If your New Year’s resolution was to have a beach body by spring break, it’s time to check your progress: March is here, and warm weather isn’t far behind.
Even if your resolution was just to be a bit healthier, well-intentioned goals typically start to slide off the radar after a couple of months. A snack here and there might lead you back to old eating habits, and one day of skipping the gym can quickly become a completely lazy week.
Don’t worry; it’s not too late to get back on track and achieve your resolutions. You’ll have to rework some of your diet and exercise goals along the way, but you won’t have to start all over again next year.
To get back on track, meet your new best friend: the backup plan. “It’s most important to always have a plan in place,” says Kimberly Gomer, registered dietitian and director of nutrition at Pritikin Longevity Center and Spa in Miami. That plan should allow you to be healthy and not hungry, Gomer says, but it also should be flexible and varied enough to keep you interested.
Here are 3common health regimen roadblocks that stop people from achieving their goals, and what you can do to clear them without breaking the bank:
Problem: Your new healthy diet is getting old, fast.
Even with the best intentions, it happens: Your planned meals become routine and mundane, and if you have to eat one more carrot stick or spinach salad, you’ll go nuts. It’s easy to get bored after several weeks of eating healthful staple foods, and that can really chip away at your resolve to eat right.
Solution: Battle boredom with new skills.
It’s time to beef up your culinary know-how. Think of your lifestyle commitment as a decision to make healthy eating work for you, not as a life sentence to ingest only boring roughage.
Begin by identifying why you’re bored, Gomer says. Do you not have enough time to prepare more varied foods, or are you not sure how? Are you a picky eater who really doesn’t like vegetables? The solution involves educating yourself a bit in the kitchen.
Start with buying fresh, seasonal food — it will taste best and cost less — and use it as a starting point. Try watching free online videos on sites such as YouTube or CookingLight.com if you need help learning healthy cooking methods. Invest in herbs and spices if your rack is sparsely filled; the more flavorful your healthy food, the more likely you are to keep making it.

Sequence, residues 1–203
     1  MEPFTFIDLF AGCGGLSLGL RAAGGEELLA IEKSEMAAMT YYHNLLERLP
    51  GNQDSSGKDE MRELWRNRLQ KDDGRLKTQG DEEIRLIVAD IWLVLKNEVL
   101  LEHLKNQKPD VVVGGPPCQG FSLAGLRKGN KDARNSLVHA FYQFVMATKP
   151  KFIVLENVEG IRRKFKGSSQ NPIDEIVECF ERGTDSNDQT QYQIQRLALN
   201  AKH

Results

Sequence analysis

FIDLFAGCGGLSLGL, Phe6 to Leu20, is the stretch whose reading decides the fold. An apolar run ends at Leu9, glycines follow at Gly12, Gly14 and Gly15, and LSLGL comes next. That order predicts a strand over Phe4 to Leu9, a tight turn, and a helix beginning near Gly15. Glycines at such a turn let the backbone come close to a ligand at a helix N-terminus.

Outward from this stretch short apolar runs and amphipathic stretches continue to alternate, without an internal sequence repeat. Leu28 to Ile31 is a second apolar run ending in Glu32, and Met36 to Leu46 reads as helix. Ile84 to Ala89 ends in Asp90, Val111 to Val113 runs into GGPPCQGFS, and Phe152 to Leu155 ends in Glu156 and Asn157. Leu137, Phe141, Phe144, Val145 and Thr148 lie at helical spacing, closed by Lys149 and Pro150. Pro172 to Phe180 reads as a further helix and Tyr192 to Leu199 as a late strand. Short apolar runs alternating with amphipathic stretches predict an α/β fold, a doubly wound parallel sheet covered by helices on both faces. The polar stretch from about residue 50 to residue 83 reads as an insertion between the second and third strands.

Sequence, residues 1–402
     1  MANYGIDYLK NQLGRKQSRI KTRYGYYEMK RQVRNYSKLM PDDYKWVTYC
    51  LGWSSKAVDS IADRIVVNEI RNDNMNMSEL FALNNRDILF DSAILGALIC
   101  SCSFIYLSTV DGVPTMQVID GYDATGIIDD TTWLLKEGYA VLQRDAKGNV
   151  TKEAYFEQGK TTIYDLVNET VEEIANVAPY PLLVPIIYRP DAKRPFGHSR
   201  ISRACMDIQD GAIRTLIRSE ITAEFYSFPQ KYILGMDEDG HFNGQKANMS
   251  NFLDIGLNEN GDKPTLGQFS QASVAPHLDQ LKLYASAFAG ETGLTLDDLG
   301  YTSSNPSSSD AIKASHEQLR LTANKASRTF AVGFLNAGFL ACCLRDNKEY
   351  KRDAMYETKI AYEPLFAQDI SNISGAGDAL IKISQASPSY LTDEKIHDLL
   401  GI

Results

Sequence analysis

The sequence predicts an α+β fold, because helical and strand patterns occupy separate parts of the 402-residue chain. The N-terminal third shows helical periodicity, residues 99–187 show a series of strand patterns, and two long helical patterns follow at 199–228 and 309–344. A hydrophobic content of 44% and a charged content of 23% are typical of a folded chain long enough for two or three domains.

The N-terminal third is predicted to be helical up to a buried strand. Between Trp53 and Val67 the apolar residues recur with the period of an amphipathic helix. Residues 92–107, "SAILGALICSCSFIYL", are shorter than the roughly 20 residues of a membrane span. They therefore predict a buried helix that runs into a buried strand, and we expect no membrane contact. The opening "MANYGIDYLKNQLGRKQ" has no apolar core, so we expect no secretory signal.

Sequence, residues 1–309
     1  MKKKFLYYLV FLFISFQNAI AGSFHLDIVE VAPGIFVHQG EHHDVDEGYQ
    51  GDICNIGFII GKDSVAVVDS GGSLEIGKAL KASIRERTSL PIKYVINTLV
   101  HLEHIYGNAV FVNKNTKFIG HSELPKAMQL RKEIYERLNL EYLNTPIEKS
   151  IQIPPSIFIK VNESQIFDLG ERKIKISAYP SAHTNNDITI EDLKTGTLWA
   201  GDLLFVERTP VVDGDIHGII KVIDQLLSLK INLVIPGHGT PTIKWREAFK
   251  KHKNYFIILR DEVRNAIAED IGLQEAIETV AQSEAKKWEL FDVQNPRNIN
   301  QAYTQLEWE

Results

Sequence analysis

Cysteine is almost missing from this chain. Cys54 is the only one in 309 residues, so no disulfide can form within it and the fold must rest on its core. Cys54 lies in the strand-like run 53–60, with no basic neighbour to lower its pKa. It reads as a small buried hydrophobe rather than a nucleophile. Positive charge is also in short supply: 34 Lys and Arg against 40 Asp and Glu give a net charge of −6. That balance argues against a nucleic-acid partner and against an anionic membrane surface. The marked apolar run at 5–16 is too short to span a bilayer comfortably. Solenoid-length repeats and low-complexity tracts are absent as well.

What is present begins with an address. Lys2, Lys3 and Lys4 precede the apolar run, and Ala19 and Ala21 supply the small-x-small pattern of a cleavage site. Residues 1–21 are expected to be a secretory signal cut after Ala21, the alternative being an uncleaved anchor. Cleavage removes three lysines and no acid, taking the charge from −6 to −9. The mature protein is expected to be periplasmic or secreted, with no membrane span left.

Problem: Your weight loss has plateaued.
No matter how diligently you stick to a weight loss plan, your body is unlikely to lose weight at a steady rate. “Plateaus in a weight loss program can be frustrating when you want to see results,” says Tara Romeo, certified strength and conditioning specialist at the Professional Athletic Performance Center in Garden City, New York.
Solution: A lot of change will do you good.
Here’s the truth: Your body will eventually adapt to any routine you put it through, whether it’s your diet or fitness regimen. Don’t let that break your resolve. Instead, change it up. “It is very important to shock the system with something different in your diet and exercise program,” Romeo says.
If you’ve been doing steady-state cardio such as walking or biking, try shorter periods of intense intervals. If you’ve been lifting weights, try different resistances and rest periods than what you’re used to, Romeo advises. If you restrict your calories to the same number each day, you can try alternating lower- and higher-calorie days instead (but never eat fewer than 1,000 calories per day).
Problem: You’ve lost steam and don’t feel like working out much anymore.
Most people have a day here or there when they just don’t feel like being active. But when one day off becomes several, you’re in danger of derailing. “When someone does not understand the time it takes for the body to adapt and change from a good exercise and nutrition program, they become frustrated and throw in the towel too soon,” Romeo says.
Solution: Check your mindset.
Having the right goals and expectations can help you avoid this trap. If you rely on in-the-moment motivation to get you to the gym, you’ll have a hard time sticking to it long enough to see results. Instead, consider your biggest fitness goals, and focus on the smaller milestones you need to reach each day to get there.
“People don’t always keep their eye on the prize,” Gomer says, “so I have to remind clients of their physical and emotional reasons for starting.” The next time you have a hard time making your program stick, remind yourself why you first embarked on the quest for a healthy lifestyle, and what will happen to your body if you quit.
Remember that the path to a true change in your mind and body is not always straight and clear. Keep going forward, though, and you’ll get there.